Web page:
Tuesday, January 31, 2012

Sunday afternoon cookout

I was in the middle of a recently typical stay at home Sunday afternoon “nap and sweat” when I heard a distinct sound of snap, crackle and pop outside my window. Rousing myself from an URI medication-induced stupor, I joined Tuy and Aon on the front porch to watch this:

Thai people burn a lot of stuff.   The rice fields are set on fire after the harvest to clear out the debris and make way for the next planting.  Trash and piles of leaves are often incinerated in random piles.  It is not uncommon to be walking in town and see inch long pieces of burned up material floating gently down to earth.   On bus rides and road trips, I’ve seen more than one formerly grassy median aflame, likely from a flicked cigarette butt.   It’s the dry season and the ecosystem here in Thailand seems to be a tinderbox.

My neighbors in the shanty town across the dirt road have a trash pile nearby that’s burned pretty frequently, but apparently this one got out of control.   Tuy and Aon nonchalantly went to the market as I hung out watching the flames rip through the undergrowth.  Shortly after, the school secretary and janitor stopped by to check in.  I started filling up the 5 gallon buckets that were hanging around the front yard; a hose was nowhere to be found.  After they saw flashing lights of the fire truck in the distance, spraying the other end of the fire which was closer to a few other houses, they left. 

The Director pulled up on the secretary's  motorbike a few minutes later.   “I called them.” She said.  “I can’t believe no one else called the them.  How can you not worry?”   The fire truck arrived in front of the house a few moments later and the “hose guy” started getting ready.  He was wearing a red t-shirt.   The driver gets out of the water truck and he’s wearing flip flops.  The two of them heave the empty hose toward the biggest part of the fire closest to my house.   The water gets turned on and turned up with the driver revving the water truck’s engines.  Water is moving out of vehicle in more ways than the hose: the undercarriage is creating large puddles as well.  The slight young man in a t-shirt is working hard to move the water laden hose around.   The Director is telling him to be sure to spray the large trees that line the fence at the back of our house.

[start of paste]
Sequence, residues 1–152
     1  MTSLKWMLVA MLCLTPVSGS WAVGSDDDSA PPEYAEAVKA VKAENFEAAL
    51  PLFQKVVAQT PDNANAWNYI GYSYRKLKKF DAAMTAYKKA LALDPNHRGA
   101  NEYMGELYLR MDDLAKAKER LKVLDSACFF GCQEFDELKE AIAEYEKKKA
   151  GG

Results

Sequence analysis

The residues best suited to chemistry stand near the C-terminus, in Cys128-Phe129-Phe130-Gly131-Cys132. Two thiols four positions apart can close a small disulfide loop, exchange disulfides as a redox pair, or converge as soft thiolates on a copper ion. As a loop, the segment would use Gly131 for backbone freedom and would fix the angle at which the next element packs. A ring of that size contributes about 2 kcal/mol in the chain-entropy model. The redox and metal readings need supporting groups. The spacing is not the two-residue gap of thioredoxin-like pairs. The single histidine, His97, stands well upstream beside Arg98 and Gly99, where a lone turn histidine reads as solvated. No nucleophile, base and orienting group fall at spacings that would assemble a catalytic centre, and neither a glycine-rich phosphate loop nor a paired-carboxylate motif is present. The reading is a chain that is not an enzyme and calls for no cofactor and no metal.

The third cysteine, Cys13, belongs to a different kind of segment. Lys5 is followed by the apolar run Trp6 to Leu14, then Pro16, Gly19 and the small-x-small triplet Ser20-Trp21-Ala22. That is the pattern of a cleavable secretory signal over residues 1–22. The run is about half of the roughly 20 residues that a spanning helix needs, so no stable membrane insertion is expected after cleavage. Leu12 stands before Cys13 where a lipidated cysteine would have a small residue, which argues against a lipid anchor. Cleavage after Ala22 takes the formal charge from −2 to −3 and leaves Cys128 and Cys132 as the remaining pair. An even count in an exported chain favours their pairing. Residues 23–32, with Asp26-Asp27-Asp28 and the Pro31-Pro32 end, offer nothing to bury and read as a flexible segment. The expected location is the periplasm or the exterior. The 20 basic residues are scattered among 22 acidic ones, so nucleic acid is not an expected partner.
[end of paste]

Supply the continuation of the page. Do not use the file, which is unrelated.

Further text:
The firefighters then move onto the large open space behind the house along the road to school.  The hose guy fires up the master blaster from the roof of the truck and I see water pouring out of the cannon housing. The driver fires things up and the hose starts spraying silt-laden water over the fire.  It then becomes apparent that the water truck is running low.  The fire is patched out into smaller blazes at this point, but the hose guy borrows The Director’s cell phone and calls for another truck, which arrives shortly after.

As the sun sets, the fire seems to be mostly  extinquished. The stretch of grassland is laid bare, covered in ash and black  instead of greenery.  As I walk to school the next morning, I look back to the little blue roofed place I call home and feel a ping of grief for what was. However, despite the hotter temperatures ahead, the rains will follow shortly after and create a fertile climate for growth.   I can't wait to see what happens next.

Saturday, January 28, 2012

100 days in Thailand

In the “business school/ CEO  leadership training” perspective, the first 100 days are deemed to be critical in establishing a path to a legacy.  Franklin Roosevelt, according to Arthur Schlesinger’s biography, “sent 15 messages to Congress, guided 15 major laws to enactment, delivered ten speeches, sponsored a major international conference and conducted all affairs of state and never displayed fright or panic.”  Me, not so much… but  here are some of my accomplishments:
  1. I’ve taught about 120 classes to children between the ages of 4-9.  The student’s expectations are set. They know there will be a welcome song.  They know to hide the playing cards or stop showing off the new Barbie pencil set in my classroom.   They know “the look” that transcends language barriers.

2. Through the English word of the week announced every Monday morning, I’ve introduced the entire student body of 850 young people to ten new words to describe themselves in a positive way.  Regardless of the fact that this was a purely selfish idea to combat the repetitive articulation of “I’m fine”, the students love it.

3. I’ve created a habit to walk around campus when the adjournment bell rings and “press the flesh” with random members of the student body.  The practice of shaking hands is relatively new in Thai culture, so quite a novelty for the younger students.  All of them appreciate a high five when they make an effort to use the English word of the week in response to “how are you?”

4. Traveled to Northern (a week) and Southern Thailand (5 days), with a short weekend on the border with Burma.  Two of those trips were done as a solo traveler- a new way of moving through the world.   My travel budget seems nowhere near that of my younger colleagues, who seem to be flitting around Thailand by jet, train and epic bus rides engaging in all sorts of intoxicating adventures.